Sacramento Medical Marijuana Taking a Hard Hit
Published on Dec 30, 2011
In the face of federal crackdown more dispensaries are being forced to close. The One Love Wellness Center in Sacramento California is one of the unfortunate business that has had to close its doors.
Three months after federal authorities seized its bank account in a probe of alleged concealment of medical marijuana proceeds, a Sacramento dispensary announced Thursday it will close its doors on New Year's Eve.
The One Love Wellness Center, a 7,000-square-foot dispensary on El Camino Avenue near the Capital City Freeway, was one of 38 dispensaries allowed to apply to stay in business under a local medical marijuana ordinance passed by the City Council.But the dispensary attracted the attention of federal authorities in September.
A U.S. Treasury Department criminal task force alleged that the dispensary structured $102,713 in deposits in small amounts to skirt rules requiring financial establishments to report all deposits of $10,000 or more to the Internal Revenue Service. No charges have been filed since U.S. Magistrate Gregory G. Hollows approved a warrant to seize more than $80,000 from the dispensary's account. But the dispensary has faced additional pressure as Sacramento U.S. Attorney Benjamin Wagner sent out a notice threatening One Love's landlord with seizure of its property if marijuana sales continued on site.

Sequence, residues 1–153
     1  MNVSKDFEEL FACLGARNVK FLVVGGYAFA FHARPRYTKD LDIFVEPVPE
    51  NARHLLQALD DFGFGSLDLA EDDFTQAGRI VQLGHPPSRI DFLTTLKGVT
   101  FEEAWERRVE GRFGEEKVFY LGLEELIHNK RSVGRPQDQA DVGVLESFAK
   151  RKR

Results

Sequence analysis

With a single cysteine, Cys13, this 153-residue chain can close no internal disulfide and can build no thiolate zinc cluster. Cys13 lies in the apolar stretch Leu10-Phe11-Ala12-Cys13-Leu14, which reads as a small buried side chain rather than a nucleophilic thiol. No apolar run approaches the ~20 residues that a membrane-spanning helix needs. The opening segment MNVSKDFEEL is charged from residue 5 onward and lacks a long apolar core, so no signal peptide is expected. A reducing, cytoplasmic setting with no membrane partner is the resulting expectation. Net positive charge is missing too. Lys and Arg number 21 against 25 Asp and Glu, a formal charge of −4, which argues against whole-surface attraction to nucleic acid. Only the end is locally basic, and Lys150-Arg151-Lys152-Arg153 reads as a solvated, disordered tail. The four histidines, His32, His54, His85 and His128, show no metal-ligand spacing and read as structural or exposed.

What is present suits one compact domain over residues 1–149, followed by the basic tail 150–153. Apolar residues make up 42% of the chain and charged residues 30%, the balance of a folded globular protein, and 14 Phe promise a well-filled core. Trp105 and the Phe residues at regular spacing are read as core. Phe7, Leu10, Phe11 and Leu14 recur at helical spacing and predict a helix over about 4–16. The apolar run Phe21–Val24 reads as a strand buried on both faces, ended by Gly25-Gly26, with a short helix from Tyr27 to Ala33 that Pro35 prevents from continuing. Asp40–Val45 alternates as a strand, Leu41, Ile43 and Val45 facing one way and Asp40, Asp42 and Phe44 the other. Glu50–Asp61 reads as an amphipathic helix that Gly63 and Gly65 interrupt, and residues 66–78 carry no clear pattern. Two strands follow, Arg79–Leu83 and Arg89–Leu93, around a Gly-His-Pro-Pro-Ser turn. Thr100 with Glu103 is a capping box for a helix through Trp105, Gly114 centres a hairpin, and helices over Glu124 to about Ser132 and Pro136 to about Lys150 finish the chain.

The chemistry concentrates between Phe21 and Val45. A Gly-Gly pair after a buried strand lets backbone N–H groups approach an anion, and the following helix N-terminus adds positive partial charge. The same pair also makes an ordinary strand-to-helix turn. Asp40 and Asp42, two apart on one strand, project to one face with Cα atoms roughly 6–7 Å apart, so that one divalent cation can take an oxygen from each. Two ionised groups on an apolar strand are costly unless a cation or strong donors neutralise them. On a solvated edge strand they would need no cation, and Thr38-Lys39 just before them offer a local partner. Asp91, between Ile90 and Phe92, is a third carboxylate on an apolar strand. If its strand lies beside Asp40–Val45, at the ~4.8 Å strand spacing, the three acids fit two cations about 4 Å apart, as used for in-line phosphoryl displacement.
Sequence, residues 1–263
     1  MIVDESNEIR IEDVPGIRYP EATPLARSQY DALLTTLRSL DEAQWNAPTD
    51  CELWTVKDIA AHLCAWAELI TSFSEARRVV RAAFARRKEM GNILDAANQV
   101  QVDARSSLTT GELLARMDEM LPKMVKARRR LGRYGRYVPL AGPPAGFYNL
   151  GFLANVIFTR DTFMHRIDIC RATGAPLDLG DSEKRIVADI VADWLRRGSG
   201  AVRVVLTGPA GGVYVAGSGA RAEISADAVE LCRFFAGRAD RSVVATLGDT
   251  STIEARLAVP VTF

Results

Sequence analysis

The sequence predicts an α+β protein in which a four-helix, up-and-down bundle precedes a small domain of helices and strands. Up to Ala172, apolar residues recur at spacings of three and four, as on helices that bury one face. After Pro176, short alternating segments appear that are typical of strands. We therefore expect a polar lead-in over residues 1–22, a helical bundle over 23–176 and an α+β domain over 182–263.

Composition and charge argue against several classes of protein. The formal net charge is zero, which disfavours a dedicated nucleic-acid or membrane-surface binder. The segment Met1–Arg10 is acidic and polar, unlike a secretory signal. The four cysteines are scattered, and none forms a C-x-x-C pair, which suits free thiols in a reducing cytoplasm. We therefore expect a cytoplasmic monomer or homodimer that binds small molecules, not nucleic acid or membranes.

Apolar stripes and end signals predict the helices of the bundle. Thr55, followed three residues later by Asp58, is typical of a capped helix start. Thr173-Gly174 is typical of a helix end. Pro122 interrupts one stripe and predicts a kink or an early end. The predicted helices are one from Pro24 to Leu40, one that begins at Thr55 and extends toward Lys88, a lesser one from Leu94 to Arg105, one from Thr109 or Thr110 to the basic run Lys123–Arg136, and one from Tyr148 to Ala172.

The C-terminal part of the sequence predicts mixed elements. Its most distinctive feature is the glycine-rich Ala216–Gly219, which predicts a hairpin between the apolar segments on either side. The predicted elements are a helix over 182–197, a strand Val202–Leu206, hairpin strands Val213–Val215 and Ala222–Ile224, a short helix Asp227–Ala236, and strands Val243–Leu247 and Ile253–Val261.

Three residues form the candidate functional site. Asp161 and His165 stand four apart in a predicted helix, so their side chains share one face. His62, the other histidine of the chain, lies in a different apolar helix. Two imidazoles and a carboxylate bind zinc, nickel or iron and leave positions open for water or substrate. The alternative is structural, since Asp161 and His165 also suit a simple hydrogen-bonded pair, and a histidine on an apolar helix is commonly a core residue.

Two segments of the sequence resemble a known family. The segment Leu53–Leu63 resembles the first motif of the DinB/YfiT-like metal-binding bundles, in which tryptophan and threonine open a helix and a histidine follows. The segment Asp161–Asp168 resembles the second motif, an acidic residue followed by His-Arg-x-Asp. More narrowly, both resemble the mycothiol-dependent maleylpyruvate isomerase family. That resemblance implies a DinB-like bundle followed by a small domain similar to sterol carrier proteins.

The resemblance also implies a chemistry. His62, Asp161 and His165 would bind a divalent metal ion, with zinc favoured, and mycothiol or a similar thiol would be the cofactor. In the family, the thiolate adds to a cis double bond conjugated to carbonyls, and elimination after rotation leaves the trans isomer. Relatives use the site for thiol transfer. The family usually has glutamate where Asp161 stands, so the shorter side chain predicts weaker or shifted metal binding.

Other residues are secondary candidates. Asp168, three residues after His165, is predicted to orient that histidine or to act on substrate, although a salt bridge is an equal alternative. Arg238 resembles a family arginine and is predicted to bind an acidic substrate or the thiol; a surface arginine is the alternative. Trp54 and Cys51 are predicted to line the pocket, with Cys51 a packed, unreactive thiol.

"They have asked me to close down and … I think I have to," said Lino Catabran, the dispensary's founder. "The threat is huge."Catabran opened the dispensary after his former business at the same site – RV Brokers Inc. – closed due to the recession.
His RV business once had three Sacramento sales outlets and 40 employees with $15 million in annual sales. But in an interview after switching to a dispensary, Catabran said he was happy with his transition to the medical marijuana industry. "There is no service department. There is no warranty department. And there are very few unhappy customers," he said.
One Love Wellness said in a news release Thursday that more than 20 employees will lose their jobs. The establishment said it has paid $227,611 in state sales taxes through November, as well as $49,470 to the city of Sacramento under a local 4 percent gross receipts tax on medical marijuana that went into effect in July.
The city suspended permit applications for marijuana stores in the wake of federal actions targeting the marijuana industry in California, but it has allowed some existing dispensaries to stay in business.
About two dozen of them remain open with the city limits. Enforcement actions in Sacramento County, where supervisors asserted that marijuana stores weren't permitted in unincorporated communities, forced the closure of nearly 100 dispensaries.